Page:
Guardianship of an Adult
Guardianships can be heart wrenching. Recognizing incapacity on behalf of someone you love is never easy. Going public by involving the court in every aspect of your loved one’s care can be frustrating and humiliating. On the other hand, if someone you love no longer can care for himself, having the court’s approval to keep your ward safe and healthy is a blessing.
If you are the guardian, you have a legal right and duty to care for your ward. We guide you, as guardian, through the court system. We advise you of your legal responsibilities, which may involve making personal decisions on behalf of your ward or managing your ward’s property, for example. The court stays very involved and must approve your every action and expenditure as guardian.
On occasion, the ward may need legal representation. We represent wards, ensuring that their best interests are being met and that the guardians are doing their job.
- Frequently Asked Questions
What kind of situations can be considered for guardianship?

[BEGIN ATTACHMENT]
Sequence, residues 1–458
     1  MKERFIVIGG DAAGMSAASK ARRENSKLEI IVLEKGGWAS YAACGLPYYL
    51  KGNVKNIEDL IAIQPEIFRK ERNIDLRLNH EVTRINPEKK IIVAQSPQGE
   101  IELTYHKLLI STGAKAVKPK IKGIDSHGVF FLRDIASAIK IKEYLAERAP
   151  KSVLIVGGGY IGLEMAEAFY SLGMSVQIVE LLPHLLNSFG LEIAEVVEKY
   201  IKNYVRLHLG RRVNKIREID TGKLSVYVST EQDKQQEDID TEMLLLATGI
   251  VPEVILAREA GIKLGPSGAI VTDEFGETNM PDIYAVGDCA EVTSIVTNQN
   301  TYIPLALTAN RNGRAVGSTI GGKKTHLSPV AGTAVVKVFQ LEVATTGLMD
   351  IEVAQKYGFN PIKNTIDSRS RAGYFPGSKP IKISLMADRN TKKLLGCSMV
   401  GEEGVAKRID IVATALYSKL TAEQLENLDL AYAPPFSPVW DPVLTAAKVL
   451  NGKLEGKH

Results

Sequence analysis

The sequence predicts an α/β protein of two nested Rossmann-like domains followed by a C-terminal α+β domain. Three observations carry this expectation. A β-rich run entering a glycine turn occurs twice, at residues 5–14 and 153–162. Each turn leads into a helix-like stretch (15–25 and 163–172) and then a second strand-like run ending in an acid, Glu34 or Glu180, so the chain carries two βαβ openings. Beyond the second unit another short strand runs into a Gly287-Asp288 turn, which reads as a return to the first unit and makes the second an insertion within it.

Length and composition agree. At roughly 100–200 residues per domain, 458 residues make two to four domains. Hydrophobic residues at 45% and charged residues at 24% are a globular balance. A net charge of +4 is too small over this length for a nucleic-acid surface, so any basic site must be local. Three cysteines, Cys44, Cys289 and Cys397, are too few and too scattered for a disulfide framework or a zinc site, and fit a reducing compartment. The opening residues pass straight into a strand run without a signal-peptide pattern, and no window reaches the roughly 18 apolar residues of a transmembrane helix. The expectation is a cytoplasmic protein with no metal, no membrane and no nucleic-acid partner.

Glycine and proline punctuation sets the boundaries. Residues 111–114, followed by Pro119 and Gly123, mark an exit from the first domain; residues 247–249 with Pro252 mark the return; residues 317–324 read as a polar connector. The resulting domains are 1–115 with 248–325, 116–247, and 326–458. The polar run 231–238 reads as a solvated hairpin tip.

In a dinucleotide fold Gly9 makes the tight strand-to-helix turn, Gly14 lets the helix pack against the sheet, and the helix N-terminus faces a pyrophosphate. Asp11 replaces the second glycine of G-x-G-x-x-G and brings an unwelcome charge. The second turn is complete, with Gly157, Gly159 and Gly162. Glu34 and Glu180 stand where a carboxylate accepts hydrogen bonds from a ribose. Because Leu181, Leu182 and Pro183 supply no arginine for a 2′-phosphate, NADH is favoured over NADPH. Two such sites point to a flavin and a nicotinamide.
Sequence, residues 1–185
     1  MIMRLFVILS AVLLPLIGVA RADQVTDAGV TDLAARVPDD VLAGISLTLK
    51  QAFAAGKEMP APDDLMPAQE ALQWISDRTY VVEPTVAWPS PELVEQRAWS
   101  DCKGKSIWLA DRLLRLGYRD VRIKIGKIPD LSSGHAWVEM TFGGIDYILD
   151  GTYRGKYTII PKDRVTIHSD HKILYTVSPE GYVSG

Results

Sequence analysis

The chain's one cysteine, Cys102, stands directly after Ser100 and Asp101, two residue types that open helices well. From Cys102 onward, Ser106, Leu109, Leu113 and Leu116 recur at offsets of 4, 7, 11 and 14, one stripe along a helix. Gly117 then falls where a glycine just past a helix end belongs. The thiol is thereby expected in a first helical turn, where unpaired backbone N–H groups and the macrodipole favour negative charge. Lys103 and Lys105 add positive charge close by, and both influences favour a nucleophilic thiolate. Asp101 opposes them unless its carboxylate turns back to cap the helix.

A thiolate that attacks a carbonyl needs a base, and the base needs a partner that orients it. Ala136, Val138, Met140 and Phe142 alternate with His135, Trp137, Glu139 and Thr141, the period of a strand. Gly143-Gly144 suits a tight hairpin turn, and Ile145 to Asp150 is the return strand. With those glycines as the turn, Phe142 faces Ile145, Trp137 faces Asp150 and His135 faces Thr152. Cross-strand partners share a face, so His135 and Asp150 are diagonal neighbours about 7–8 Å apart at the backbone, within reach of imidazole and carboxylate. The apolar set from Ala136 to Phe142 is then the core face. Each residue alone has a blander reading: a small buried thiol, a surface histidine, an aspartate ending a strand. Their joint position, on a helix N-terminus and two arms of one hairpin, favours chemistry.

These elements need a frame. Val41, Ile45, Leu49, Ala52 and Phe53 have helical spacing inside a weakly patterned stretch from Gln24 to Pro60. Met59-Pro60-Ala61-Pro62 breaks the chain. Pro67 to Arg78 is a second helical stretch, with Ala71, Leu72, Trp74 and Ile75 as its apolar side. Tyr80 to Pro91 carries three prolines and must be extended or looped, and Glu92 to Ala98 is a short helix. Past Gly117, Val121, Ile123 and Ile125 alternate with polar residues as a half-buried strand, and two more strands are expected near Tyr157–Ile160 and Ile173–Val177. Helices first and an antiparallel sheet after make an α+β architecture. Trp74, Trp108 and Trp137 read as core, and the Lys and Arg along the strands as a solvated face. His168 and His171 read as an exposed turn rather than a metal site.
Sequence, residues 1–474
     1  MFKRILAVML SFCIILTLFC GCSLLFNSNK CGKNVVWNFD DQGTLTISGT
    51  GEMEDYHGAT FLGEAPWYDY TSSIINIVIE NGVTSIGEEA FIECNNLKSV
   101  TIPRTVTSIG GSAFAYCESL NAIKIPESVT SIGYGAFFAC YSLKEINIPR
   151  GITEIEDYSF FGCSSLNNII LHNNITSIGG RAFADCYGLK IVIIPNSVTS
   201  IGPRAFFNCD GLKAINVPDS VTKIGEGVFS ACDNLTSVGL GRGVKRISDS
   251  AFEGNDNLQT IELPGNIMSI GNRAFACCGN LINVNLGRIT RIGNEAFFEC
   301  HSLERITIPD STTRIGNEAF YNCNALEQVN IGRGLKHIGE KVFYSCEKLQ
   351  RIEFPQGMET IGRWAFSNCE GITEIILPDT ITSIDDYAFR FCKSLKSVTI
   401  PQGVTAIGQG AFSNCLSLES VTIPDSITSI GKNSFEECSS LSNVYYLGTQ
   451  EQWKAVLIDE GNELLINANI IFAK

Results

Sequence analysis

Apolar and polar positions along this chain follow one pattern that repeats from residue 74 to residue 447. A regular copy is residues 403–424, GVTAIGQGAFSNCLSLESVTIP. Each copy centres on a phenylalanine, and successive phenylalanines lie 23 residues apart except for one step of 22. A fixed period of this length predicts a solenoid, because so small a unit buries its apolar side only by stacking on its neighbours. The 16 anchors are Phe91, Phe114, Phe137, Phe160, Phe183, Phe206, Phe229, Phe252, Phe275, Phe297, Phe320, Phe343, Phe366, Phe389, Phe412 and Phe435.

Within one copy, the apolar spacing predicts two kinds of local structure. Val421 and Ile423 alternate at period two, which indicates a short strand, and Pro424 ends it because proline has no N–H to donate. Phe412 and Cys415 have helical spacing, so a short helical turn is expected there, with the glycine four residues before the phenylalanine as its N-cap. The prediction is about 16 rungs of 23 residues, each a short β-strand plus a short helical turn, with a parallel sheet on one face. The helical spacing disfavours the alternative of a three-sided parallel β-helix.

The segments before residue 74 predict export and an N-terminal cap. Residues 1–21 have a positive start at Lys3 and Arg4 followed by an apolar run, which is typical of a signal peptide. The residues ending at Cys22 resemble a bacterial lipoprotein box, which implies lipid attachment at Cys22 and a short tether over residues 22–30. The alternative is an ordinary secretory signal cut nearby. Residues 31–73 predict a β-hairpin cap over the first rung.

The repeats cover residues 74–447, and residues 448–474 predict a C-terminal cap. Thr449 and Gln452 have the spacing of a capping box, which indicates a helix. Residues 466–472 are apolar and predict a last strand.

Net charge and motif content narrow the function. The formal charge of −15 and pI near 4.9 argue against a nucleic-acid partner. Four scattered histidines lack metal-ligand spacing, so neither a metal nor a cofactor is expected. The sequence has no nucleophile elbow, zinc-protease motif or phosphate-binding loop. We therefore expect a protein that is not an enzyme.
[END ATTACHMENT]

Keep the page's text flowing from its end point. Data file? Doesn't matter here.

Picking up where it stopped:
The courts will consider the level of incapacity of an individual, not necessary the circumstances that led to it. Guardianships are common for the elderly or those with dementia, but a 19 year-old victim of a car accident may need full care, just as a 54 year-old with Down’s Syndrome.
What is the difference between a limited and plenary guardianship?
In a limited guardianship, the courts find that an individual has some capacity and ability to think or do things for themselves. In a plenary guardianship, the responsibility of the guardian is total, and all rights of the ward are removed.
What are my responsibilities as a guardian?
All court-appointed guardians must undergo background checks, educational courses, and operate under strict oversight.
Can more than one person act as a guardian?
Yes. You would be co-guardians.
- Understanding Guardianships
- We’ve published some basic information about legal guardianship here. These guardianship blog articles may also be helpful.